# Seperation of variables / Alternative method to solve a DE

• vhoffmann
In summary, the conversation is about a problem in General Relativity involving computing Killing Vectors for a torus. The speaker is attempting to solve a differential equation and is looking for suggestions on how to successfully separate the equation or approach it differently. The expert provides the full solution, stating that F(\phi) = Const and g(\theta) = (C2*b*(a+b*cos(theta))-sin(theta)*C1)*(a+b*cos(theta))/b, where C1 and C2 are arbitrary constants. The speaker thanks the expert for their help.
vhoffmann
Hej,

This question is in the context of General Relativity problem. I'm attemping to compute the Killing Vectors for a Torus. After some juggling around I ended up with the following differential equation

$\frac{d}{d \theta} \left( \frac{ (a+b \cos \theta) \sin \theta }{b} F(\phi) + g(\theta) \right) + \frac{d}{d\phi} f(\phi) = 2 \left( \frac{-b \sin \theta }{ a + b \cos \theta } \right) \left( \frac{ (a + b \cos \theta) \sin \theta }{b } F(\phi) + g(\theta) \right)$

where $g(\theta)$ and $f(\phi)$ are what I'm after. Note that $F(\phi)$ is the primitive of $f(\phi)$ (i.e., a second order equation).

I suspect the equation is seperable, so I've been attempting to rewrite the equation accordingly, but haven't made much headway.

Farthest I got was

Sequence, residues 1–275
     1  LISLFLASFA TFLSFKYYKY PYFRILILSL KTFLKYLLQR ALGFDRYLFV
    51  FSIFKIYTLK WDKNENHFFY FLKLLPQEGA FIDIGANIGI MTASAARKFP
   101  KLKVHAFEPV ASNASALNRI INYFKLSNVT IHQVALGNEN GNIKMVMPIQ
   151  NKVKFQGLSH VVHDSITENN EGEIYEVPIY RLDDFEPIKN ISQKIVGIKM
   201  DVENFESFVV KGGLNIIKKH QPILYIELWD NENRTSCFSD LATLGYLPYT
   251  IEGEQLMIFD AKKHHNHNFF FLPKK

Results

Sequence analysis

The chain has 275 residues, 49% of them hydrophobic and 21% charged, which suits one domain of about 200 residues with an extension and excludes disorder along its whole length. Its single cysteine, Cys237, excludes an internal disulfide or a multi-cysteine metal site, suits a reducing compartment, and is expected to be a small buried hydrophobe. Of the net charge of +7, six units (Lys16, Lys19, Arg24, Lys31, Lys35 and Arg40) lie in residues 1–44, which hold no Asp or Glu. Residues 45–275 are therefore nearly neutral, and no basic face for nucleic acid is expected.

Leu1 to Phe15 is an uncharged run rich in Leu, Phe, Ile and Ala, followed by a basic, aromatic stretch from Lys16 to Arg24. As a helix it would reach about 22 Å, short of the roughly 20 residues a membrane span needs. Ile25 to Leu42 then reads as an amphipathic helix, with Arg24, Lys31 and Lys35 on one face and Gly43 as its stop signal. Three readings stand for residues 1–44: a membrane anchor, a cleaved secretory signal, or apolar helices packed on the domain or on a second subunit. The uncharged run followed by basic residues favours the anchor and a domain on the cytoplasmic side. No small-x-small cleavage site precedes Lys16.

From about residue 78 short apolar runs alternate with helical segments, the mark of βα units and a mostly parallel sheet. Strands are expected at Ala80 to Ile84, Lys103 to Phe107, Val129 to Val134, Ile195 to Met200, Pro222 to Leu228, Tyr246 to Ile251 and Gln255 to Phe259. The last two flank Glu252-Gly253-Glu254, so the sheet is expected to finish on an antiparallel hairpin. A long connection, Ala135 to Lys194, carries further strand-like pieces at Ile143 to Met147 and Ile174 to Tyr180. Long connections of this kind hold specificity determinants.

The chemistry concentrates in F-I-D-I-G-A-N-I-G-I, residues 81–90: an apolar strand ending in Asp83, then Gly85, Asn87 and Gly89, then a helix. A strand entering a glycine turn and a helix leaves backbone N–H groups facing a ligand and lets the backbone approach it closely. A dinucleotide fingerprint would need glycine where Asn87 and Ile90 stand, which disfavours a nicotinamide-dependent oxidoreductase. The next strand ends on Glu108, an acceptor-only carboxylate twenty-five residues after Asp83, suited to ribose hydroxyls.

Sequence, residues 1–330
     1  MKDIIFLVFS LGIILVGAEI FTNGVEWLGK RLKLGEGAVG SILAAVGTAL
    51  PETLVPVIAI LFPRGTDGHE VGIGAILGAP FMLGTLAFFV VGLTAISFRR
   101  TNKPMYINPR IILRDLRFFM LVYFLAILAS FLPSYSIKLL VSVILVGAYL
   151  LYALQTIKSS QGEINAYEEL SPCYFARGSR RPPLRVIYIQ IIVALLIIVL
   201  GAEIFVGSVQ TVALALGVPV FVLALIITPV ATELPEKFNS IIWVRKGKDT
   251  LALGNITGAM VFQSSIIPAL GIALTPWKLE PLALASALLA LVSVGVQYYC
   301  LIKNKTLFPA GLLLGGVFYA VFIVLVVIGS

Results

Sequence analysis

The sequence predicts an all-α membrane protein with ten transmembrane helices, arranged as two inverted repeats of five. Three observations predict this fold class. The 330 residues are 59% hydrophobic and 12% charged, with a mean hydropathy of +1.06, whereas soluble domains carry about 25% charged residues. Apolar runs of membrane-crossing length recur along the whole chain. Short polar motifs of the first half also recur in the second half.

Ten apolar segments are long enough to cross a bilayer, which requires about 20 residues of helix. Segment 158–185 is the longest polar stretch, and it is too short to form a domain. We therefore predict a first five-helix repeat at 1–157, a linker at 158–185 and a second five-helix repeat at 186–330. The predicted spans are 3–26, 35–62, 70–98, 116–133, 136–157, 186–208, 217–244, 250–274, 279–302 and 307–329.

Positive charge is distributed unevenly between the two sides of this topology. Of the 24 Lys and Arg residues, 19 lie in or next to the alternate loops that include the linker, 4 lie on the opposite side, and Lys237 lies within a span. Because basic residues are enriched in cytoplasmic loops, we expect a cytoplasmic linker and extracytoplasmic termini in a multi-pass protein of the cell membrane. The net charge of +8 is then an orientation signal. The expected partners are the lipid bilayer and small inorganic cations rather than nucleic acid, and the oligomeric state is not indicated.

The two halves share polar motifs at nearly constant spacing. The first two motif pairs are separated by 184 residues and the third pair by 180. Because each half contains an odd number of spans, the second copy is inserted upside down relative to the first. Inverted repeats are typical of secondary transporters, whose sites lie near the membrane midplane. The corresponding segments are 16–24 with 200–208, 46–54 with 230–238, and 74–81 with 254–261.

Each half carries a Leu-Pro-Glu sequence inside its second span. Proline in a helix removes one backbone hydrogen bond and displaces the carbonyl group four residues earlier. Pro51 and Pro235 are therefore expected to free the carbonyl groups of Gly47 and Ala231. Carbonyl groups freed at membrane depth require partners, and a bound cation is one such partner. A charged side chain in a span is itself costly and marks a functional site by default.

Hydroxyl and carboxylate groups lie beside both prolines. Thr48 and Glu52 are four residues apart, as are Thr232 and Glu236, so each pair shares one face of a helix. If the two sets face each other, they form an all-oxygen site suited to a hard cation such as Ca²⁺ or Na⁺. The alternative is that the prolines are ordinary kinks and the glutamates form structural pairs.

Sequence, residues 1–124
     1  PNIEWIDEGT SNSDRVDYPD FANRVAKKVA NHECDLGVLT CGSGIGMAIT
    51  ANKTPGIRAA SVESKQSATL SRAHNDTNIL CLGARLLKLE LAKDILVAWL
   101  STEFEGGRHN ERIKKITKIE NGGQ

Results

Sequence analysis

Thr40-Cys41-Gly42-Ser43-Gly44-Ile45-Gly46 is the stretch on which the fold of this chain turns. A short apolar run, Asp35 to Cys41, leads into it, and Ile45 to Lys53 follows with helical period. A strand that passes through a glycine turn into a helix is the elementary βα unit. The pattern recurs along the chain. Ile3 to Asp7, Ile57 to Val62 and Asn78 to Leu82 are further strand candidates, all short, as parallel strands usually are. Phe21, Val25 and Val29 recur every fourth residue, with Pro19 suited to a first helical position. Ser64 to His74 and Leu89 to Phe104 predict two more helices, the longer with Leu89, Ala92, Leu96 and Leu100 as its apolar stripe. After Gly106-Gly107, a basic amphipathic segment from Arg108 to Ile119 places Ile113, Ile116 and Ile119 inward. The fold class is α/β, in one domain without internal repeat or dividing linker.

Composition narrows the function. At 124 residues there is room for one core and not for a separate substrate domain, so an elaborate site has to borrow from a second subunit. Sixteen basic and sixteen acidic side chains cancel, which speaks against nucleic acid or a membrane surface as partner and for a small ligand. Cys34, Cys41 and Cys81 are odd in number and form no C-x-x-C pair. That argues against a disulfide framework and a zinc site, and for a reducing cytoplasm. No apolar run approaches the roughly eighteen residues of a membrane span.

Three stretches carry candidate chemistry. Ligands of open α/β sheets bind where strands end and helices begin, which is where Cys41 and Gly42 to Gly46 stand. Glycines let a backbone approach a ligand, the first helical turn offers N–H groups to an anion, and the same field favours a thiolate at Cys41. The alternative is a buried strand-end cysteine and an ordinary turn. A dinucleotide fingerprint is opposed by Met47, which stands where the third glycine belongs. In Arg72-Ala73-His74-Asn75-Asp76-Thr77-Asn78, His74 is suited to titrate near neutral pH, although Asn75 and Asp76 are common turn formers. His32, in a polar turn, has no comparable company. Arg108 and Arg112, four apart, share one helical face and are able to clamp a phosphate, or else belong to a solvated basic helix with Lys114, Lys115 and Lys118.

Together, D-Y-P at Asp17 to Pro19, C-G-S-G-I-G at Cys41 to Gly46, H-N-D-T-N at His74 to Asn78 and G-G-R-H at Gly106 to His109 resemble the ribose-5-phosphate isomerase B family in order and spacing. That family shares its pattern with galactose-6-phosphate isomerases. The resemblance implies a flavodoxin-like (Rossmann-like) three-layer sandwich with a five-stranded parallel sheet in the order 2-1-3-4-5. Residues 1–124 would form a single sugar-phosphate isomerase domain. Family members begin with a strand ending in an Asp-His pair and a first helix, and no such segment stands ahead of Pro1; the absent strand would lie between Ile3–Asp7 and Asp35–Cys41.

$\left( \frac{a}{b} \cos \theta + 1 \right) F(\phi) + \frac{d}{d\phi} f(\phi) = - \frac{d}{d\theta} g(\theta) - 2 \frac{b \sin \theta}{ a + b \cos \theta } g(\theta)}$

If anyone could suggest a way of successfully seperating this equation or a different approach to solving it, I'd be grateful.

The full solution of your DE is as follows

F(phi)=C1 , that is, f(phi)=0 ,

g(theta) = (C2*b*(a+b*cos(theta))-sin(theta)*C1)*(a+b*cos(theta))/b ,

where C1 and C2 are arbitrary constants.

Ah! The obvious choice of $F(\phi) = Const$ eluded me.

Thanks!

## 1. How does separation of variables help in solving differential equations?

Separation of variables is a method used to solve differential equations by separating the variables on both sides of the equation. This helps in simplifying the equation and solving it in a step-by-step manner.

## 2. What are the steps involved in using separation of variables to solve a differential equation?

The steps involved are:

1. Separating the variables on both sides of the equation
2. Integrating each side of the equation separately
3. Simplifying the equation and solving for the variables
4. Substituting the values of the variables back into the original equation to check for accuracy

## 3. Are there any limitations to using separation of variables to solve differential equations?

Yes, separation of variables can only be used for certain types of differential equations that can be separated into distinct variables. It may not work for all types of differential equations.

## 4. Can you provide an example of using separation of variables to solve a differential equation?

Sure, let's take the differential equation dy/dx = 2x. We can separate the variables to get dy = 2x dx. Then, we can integrate both sides to get y = x^2 + C, where C is the constant of integration. This is the general solution to the differential equation.

## 5. Is there an alternative method to solve differential equations other than separation of variables?

Yes, there are other methods such as using substitution, using the method of undetermined coefficients, and using series solutions. The choice of method depends on the type of differential equation and the initial conditions given.

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